What It Means To Instill a Culture of Safety in Your Workplace
Building a culture of safety in the workplace can improve your organization from the ground up.
When employees feel safe at work, they are happier and perform better.
Therefore, business leaders must prioritize creating a safe culture.
Not only does it make for more satisfied employees, but it also helps prevent a business from being in legal trouble down the road if a hazardous situation leads to injury.
What Is a Safety Culture in the Workplace?
Fundamentally, a safety culture means seeing workers as human beings and making changes from the top down to protect them. With reliable, caring managers who embrace the changes, an organization can feel almost like a second home for employees.
Building a workplace safety culture means instilling a company-wide mindset that focuses on safety beliefs, values, and attitudes. Ideally, everyone will buy into the concept and want to contribute. A successful safety culture improves workplace health and safety and has numerous benefits for an organization.
Several cultural actions are essential for a positive safety culture to survive. Here's how to improve safety culture in the workplace.
Communicate Company Values
It is critical to give tangible examples of behaviors, decisions, and attitudes that accurately reflect your organization's vision. These will look different for every company, as each business has unique values.
If people at all levels of your organization reinforce these positive examples, it can help enforce the necessity of work health and safety policy statements.
Organizational leaders who want to foster a culture of safety must set an example by motivating and inspiring others. Setting specific objectives and then deliberately pursuing them through your words and deeds will incentivize your employees to do the same.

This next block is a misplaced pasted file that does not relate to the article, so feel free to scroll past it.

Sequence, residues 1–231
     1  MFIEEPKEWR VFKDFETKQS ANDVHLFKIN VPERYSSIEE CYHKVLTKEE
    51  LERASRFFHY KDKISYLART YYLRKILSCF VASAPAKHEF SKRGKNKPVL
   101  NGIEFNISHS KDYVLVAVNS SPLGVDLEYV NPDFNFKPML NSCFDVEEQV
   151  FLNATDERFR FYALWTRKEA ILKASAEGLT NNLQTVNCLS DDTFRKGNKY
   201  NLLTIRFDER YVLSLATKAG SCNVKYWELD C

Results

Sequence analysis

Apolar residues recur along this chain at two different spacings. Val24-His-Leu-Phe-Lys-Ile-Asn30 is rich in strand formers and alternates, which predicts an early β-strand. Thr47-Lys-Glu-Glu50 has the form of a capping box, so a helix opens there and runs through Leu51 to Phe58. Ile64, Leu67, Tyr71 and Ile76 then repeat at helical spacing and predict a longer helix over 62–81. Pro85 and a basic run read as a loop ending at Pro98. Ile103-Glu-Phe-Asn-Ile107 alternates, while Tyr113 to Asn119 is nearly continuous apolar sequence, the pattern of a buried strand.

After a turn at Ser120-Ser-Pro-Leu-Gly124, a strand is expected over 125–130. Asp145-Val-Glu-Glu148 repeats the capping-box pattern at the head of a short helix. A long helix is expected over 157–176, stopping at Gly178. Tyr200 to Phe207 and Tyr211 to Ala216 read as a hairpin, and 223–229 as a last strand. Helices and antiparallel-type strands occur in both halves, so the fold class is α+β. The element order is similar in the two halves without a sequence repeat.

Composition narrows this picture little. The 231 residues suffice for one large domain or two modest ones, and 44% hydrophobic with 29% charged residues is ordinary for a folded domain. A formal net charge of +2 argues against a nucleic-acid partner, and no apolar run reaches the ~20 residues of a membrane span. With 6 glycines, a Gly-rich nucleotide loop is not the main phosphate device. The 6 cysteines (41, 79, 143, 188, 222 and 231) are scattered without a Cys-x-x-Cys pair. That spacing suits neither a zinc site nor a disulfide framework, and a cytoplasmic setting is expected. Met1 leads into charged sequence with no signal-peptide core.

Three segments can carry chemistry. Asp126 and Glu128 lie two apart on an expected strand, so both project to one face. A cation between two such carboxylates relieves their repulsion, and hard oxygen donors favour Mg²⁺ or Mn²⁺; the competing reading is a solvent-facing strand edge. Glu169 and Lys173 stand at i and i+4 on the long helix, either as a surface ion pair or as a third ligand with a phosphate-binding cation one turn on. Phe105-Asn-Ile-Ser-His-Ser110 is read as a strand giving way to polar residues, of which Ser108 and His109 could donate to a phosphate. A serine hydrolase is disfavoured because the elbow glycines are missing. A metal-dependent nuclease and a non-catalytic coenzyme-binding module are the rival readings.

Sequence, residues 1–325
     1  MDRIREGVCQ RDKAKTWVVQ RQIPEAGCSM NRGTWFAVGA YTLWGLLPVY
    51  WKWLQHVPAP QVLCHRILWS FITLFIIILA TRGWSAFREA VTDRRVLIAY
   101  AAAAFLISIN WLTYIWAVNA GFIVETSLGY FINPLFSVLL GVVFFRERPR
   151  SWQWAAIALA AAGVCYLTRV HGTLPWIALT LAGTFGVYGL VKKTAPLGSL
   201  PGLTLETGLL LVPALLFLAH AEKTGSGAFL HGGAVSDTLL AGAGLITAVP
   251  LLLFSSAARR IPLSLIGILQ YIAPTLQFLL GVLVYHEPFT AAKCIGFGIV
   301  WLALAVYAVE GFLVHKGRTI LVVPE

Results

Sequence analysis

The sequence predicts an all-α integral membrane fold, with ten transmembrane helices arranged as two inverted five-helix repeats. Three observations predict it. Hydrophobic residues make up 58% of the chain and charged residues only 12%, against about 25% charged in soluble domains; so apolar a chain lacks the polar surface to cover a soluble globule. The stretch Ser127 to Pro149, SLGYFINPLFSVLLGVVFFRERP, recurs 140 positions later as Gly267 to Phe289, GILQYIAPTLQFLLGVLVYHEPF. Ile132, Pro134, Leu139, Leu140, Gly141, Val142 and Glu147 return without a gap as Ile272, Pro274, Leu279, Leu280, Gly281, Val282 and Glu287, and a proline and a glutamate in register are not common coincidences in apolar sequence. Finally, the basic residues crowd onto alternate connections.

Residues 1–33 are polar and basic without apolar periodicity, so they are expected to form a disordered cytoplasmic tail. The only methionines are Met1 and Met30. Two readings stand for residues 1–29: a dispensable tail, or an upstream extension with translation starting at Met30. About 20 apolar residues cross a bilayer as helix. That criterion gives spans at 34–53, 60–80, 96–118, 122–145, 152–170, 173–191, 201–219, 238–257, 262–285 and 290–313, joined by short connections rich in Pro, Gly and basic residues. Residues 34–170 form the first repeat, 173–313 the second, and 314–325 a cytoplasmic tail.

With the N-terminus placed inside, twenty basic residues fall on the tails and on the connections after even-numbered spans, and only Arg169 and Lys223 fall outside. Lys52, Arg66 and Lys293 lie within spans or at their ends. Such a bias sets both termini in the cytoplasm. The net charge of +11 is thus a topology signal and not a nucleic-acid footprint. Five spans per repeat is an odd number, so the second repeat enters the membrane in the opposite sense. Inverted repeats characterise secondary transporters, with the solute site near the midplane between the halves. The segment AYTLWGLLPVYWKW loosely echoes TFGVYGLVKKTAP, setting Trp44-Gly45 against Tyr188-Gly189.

There are a lot of practical ways leaders can demonstrate their goals:
- Seek staff engagement
- Wear personal protective equipment correctly
- Conduct safety meetings
- Conduct risk assessments
- Take ownership for mistakes and successes alike
When you set out expectations for a new culture, make sure to define the expected and required behaviors for employees at all levels.
On top of that, be consistent and transparent in your communication, whether through email, memos, conversations, meetings, or other options.
Personalize Safety Outcomes
It can be tricky for employees to buy into your safety-oriented culture if they don't understand its benefits. When defining your new culture, define its specific, relevant advantages for your employees as individuals, and show how the changes will prevent and eliminate risks and hazards.
Have Positive Safety Attitudes
You'll render the other tips on this list pointless if you demonstrate a negative or dismissive attitude toward the new safety culture. Encourage your employees to express their concerns and have open conversations. Convey to them that you are trying to ensure a happy, healthy, and accident-free workplace. You should be supportive in a way that makes them feel like you have their best interests at heart.
Gather lots of feedback from your employees and use their input to improve the process and culture. Doing so will increase their trust in you and make them more likely to buy into the safety culture. Those in leadership positions need to engage with their employees, build relationships and demonstrate support.